Observations on Craft


Observations on Craft: Thoughts on the Vanishing Ghaghra

Sunny and Meeta

Thoughts on The Vanishing Ghaghra

All the women of Punjab, Haryana, Rajasthan wore the ghaghra till the early 20th century. The farming castes and nomadic tribes of Rajasthan continue to wear them today. Made from 24" wide triangles of khadi fabric, ghaghras were famous for the number of triangles orkalis (folds). A husband's love for his wife was measured by the number of kalis in a woman's ghaghra. The entire outfit comprised the ghaghra, choli (blouse) and the lugdi (dupatta).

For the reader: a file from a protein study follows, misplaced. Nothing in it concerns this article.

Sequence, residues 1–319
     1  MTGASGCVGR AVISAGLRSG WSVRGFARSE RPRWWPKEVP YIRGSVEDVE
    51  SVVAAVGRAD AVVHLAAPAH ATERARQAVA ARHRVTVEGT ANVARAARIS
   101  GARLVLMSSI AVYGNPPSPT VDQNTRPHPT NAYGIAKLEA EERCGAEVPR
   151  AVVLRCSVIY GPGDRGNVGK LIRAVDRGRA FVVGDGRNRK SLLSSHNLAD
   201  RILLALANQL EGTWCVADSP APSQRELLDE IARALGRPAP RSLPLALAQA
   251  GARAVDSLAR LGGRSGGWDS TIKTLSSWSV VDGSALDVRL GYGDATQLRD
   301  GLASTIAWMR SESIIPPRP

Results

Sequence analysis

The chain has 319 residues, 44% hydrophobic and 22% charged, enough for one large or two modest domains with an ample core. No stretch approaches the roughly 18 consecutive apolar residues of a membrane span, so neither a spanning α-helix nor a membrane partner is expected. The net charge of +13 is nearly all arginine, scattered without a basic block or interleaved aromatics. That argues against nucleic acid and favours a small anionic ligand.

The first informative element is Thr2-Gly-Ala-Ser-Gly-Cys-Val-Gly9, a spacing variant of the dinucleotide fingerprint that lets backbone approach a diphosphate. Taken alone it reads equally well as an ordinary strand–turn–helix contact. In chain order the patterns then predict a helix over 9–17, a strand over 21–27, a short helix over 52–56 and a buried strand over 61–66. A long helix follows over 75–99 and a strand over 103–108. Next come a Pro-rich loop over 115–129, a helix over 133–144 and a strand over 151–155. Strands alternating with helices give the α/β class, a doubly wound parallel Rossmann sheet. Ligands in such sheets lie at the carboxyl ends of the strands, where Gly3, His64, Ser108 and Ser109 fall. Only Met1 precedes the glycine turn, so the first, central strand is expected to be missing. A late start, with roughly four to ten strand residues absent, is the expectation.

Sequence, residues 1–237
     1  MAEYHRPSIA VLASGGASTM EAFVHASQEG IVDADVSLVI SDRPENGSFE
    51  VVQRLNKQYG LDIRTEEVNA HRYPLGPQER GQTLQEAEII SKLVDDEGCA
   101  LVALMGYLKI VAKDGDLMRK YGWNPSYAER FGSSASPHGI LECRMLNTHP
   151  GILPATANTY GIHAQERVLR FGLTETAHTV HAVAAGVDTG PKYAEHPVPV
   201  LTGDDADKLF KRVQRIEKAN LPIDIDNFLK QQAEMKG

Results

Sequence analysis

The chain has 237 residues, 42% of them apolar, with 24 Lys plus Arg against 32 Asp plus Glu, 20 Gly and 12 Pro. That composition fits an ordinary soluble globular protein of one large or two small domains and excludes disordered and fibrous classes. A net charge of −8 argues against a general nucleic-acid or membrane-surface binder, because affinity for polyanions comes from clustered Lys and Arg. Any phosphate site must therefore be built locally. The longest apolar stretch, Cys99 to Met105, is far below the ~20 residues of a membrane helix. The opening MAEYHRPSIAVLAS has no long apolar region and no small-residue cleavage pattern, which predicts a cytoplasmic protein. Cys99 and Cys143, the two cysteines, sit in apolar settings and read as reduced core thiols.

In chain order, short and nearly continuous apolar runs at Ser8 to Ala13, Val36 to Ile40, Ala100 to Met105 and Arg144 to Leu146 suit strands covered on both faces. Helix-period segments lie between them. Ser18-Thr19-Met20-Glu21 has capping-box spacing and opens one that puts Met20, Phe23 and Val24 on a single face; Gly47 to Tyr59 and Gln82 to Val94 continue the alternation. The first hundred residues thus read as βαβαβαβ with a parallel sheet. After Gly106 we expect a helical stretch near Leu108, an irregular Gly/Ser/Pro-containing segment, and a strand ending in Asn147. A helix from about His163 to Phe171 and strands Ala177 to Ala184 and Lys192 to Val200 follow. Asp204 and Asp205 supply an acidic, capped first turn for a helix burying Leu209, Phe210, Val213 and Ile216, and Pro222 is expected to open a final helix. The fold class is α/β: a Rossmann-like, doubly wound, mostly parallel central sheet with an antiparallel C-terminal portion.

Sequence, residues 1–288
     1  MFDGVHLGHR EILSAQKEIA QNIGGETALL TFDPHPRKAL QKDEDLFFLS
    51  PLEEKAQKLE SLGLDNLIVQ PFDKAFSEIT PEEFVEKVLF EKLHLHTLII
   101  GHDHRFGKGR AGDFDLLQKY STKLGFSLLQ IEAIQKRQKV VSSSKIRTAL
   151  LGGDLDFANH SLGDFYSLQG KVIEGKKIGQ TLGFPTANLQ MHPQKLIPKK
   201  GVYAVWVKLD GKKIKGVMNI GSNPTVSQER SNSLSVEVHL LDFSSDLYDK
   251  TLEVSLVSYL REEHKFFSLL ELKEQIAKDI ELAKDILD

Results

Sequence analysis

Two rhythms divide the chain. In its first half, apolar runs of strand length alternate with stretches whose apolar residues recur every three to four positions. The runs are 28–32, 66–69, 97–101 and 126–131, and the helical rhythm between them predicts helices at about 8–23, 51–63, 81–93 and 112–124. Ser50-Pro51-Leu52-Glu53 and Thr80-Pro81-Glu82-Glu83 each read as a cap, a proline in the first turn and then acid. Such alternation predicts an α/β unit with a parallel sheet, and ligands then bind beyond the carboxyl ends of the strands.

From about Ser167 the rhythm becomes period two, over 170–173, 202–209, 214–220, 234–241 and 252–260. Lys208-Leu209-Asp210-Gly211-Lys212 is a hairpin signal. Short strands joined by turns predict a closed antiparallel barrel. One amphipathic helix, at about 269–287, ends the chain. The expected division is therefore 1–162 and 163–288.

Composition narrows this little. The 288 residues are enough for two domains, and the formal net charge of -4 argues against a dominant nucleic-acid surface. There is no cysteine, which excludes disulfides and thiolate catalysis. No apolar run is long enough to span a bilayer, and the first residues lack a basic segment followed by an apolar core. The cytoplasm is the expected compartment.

There was a whole sociology of colour and prints which functioned within an implicit understanding that fabrics too can be a language identifying a persons, community, caste, occupation and marital and religious status. Certain castes like the Jats wore indigo or "darker" colours while Rajputs wore sunhera (bright) colours like oranges and yellows. Sunhera colours were less, pucca (fast) as upper caste could get the Rangrez (dyer) to keep freshly re-dyeing their ghaghras with fresh flower smells of "tesu". This re-dyeing was a status symbol, the farmer castes wore blue as that was fast color and men usually bought their women one ghaghra per year. There used to be a saafa or head scarf of long yardages which men wore as turban. The most exotic was Maliagiri in whose dyeing more than twenty ingredients were used including attar or naturally condensed perfumes. We tried to recreate the malia...
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